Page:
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Drug Dealers Are Cutting Cocaine With Super-Powerful Drug Fentanyl

Claire Reid

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Drug Dealers Are Cutting Cocaine With Super-Powerful Drug Fentanyl

Drug dealers in the US and Canada have been cutting cocaine with the super-strong opioid fentanyl - causing a spate of deaths, police have said.

Fentanyl, a synthetic opioid, can be as much as 100 times stronger than morphine, and first hit headlines after it was being mixed with heroin and sold to unsuspecting punters.

Credit: PA
Credit: PA

Following a wave of overdoses believed to be attributed to the drug, police in Canada have made the unprecedented move of publishing one dealer's number on Facebook, urging potential 'customers' to avoid him.

Saskatoon Police Department took to Twitter to share a post in which it said: "Saskatoon Police Service is appealing to members of the public if you have purchased cocaine from a dealer which goes by the name 'Lil Joe', 'Joe Bro' or have made contact with the dealer with the cellular number 306-881-7300 that the dosage of cocaine you have purchased might be laced with Fentanyl and has the possibility of being a lethal dose."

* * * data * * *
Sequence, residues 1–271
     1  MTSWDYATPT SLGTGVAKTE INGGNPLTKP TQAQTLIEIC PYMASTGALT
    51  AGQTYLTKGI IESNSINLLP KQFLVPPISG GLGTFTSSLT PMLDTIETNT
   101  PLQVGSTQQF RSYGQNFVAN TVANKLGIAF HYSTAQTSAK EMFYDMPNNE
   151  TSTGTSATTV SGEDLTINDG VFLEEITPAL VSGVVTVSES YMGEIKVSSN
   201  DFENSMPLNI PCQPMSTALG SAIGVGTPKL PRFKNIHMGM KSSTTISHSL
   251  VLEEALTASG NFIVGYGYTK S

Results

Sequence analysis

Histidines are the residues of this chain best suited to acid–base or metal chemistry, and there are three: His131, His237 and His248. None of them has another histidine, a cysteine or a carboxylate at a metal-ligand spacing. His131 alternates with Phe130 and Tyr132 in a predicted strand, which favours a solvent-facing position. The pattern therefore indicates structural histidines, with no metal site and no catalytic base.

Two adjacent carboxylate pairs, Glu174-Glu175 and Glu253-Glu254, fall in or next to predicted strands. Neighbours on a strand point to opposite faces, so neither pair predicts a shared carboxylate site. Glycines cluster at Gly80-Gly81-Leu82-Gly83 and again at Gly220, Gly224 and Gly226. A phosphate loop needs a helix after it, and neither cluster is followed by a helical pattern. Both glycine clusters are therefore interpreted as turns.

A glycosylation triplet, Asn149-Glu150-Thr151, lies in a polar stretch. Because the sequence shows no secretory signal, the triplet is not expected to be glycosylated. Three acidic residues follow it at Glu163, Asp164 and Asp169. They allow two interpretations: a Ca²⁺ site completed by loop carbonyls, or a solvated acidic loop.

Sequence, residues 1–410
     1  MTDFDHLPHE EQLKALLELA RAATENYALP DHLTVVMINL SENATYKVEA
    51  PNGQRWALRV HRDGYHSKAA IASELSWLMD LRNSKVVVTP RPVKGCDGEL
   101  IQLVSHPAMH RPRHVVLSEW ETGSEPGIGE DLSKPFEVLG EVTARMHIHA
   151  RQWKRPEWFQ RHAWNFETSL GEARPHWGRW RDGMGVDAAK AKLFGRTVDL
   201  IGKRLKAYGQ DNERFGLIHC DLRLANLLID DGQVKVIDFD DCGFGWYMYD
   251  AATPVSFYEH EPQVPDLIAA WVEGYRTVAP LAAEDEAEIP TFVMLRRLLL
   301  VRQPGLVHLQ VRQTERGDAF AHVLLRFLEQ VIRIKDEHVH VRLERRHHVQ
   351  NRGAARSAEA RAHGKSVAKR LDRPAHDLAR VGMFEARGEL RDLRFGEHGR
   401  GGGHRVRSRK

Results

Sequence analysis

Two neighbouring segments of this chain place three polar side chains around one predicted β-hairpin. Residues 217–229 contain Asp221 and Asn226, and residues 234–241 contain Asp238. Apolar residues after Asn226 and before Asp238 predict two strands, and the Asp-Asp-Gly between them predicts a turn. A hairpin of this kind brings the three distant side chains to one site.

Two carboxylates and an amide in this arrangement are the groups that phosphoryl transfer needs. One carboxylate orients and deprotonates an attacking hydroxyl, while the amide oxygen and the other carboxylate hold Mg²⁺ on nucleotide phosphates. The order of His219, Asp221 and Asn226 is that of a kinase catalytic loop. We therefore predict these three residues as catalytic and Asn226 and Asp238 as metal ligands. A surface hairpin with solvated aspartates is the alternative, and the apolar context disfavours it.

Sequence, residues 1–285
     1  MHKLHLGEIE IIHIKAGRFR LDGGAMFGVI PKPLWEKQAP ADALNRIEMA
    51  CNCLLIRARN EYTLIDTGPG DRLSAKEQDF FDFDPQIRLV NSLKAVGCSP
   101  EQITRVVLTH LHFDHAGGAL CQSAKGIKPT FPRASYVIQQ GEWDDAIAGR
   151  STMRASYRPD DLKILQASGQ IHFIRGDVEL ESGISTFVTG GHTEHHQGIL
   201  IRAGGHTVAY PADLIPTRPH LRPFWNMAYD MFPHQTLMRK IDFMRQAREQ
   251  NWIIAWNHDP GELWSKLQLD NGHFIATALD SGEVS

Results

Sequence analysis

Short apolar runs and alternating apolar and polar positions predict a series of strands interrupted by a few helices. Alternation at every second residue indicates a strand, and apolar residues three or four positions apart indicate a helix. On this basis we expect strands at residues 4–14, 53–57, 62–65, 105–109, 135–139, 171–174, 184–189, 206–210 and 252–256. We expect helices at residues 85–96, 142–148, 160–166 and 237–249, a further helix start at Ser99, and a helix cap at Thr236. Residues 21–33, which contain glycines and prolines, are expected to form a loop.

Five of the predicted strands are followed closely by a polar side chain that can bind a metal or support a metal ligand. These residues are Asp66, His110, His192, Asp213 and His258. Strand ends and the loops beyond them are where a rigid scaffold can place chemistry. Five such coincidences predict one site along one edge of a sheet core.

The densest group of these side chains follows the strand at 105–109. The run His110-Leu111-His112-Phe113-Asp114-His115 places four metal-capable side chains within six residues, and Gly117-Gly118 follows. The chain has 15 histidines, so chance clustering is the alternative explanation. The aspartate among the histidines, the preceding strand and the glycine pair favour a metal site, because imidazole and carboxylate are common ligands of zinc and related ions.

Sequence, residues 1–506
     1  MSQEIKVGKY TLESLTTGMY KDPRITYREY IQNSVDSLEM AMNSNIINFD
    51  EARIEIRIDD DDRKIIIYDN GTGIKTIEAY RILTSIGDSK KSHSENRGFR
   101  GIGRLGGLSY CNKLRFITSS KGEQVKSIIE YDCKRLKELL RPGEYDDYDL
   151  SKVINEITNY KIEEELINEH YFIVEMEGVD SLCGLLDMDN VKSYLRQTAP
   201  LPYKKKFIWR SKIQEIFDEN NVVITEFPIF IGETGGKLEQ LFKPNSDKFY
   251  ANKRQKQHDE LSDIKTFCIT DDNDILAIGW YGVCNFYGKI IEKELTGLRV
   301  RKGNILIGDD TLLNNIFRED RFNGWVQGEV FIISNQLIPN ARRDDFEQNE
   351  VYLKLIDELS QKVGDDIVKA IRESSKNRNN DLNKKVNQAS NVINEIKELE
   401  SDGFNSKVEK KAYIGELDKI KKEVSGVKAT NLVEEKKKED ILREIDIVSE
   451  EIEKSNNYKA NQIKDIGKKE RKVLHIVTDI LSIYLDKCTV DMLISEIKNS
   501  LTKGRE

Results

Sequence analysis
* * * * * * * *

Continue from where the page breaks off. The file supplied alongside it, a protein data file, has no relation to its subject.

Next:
Over in the UK, fentanyl has also been linked to a number of deaths, including 18-year-old Robert Fraser from Kent. His mum Michelle, told the BBC that Robert was given the drug by a dealer when he and his pals has gone to buy cannabis. She told the news outlet that she is convinced her teenage son had no idea what it was or how dangerous it can be.

"Fentanyl is a killer and the drug dealers are playing Russian Roulette with our lives... my child died from it," she said.

A string of overdoses in the north east of England were also linked to the drug, when dealers began mixing fentanyl with heroin in order to increase the amount of money they could make. This often deadly cocktail was then sold to street-users who had no idea what they were buying. At least six people died in Teeside during the beginning of 2017 as a result.

Credit: PA
Credit: PA

According to figures from the National Crime Agency, since 2016 at least 113 people have died because of fentanyl.

Laurence Gibbons the NCA's head of drugs threat told the BBC: "We have a number of officers working solely on that threat and they will continue monitoring and we will keep a good watch on what is emerging."

Featured Image Credit: PA

Topics: World News, US News, Drugs

Claire Reid
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